Give Your Workers 10 Tips for Safe Motorcycling Driving
As safety professionals, your primary concern is ensuring the safety of workers on the job. But it’s also in your best interest to keep workers safe when they’re off duty, too. After all, if a worker gets hurt at home, his injury may impact his ability to do his job or to do it safely—if he can even work at all.
In that spirit, sharing off-duty safety tips with workers is a good idea. For example, now that spring weather seems to be here at last, workers who own motorcycles may start taking them out for a ride.
To help keep workers safe when driving motorcycles, give them these 10 tips from the Insurance Bureau of Canada:
- Drive what you can control. Often, people buy motorcycles that are too powerful for them to handle. Ask your dealer if you can test drive the bike before you buy it.
- Take a safety course. Be aware of your limits on a motorcycle. What would happen if you had to quickly avoid an incident?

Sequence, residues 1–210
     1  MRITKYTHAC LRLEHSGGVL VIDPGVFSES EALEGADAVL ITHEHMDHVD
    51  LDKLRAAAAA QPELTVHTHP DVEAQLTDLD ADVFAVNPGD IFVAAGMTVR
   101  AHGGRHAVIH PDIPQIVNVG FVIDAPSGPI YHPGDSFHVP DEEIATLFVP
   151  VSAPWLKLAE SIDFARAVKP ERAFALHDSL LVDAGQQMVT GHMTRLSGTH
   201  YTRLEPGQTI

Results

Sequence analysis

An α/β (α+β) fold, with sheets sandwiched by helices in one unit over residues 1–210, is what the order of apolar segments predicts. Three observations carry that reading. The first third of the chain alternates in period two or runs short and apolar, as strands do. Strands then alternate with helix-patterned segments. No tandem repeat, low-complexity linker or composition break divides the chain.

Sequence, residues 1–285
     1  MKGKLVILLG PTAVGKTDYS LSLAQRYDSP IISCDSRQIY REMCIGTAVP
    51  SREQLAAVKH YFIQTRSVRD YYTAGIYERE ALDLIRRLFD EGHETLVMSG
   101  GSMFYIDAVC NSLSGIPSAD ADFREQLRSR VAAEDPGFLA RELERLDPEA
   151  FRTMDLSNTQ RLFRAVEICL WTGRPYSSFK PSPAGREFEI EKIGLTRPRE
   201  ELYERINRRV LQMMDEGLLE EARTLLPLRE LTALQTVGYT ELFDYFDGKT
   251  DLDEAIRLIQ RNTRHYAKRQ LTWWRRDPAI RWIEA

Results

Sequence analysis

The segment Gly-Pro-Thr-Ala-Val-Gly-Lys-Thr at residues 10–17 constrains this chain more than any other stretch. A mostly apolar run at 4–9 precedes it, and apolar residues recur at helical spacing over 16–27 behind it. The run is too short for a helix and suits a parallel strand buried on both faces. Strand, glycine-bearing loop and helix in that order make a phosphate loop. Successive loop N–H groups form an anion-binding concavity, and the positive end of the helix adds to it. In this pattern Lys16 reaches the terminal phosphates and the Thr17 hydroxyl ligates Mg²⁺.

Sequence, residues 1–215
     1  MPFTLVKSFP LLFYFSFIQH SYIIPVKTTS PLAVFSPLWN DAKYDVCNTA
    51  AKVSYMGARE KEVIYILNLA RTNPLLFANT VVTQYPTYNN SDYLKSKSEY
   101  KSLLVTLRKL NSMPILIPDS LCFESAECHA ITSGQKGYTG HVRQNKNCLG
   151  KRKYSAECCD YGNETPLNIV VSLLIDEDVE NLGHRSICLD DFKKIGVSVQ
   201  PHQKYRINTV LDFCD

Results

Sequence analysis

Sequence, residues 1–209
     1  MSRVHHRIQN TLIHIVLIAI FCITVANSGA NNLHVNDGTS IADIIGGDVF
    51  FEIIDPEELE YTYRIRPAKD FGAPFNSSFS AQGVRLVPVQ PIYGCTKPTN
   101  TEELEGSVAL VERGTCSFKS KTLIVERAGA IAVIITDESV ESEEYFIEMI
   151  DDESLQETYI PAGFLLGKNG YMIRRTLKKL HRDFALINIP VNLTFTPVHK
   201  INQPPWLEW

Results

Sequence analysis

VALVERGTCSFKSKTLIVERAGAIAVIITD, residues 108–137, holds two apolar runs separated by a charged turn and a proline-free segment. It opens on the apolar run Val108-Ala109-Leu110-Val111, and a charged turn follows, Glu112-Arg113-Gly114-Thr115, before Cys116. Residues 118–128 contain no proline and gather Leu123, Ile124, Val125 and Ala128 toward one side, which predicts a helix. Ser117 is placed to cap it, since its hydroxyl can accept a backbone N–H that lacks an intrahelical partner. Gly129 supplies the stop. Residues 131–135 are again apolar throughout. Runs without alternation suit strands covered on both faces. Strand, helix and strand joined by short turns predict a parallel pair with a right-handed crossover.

- Ride according to weather and road conditions. Check the forecast and keep your eyes on the road ahead.
- Wear a DOT (Department of Transportation) approved helmet. Choose the helmet best suited for how you ride and replace it every five years.
- Wear clothing that will protect you in a fall. Heavy denim or leather jackets and pants aren’t just stylish; they help prevent nasty cuts and burns if you fall.
- Stay focused on the road. The cold reality is that motorcyclists are 30 times more likely to die in a collision than people in a car, according to the Insurance Institute for Highway Safety.
- Always be seen. Assume car drivers can’t see you, so leave them plenty of room. Also, wear clothing or reflective materials that allow you to be seen.
- Ride in the proper position in the lane. Know where you should be positioned in the lane and never drive along the middle of the lane where there’s oil build up from cars.
- Practice riding with others. When riding as a group form a staggered pattern and establish hand signals that all of the riders understand.
- Stop frequently. Being rested will help you focus on the roads.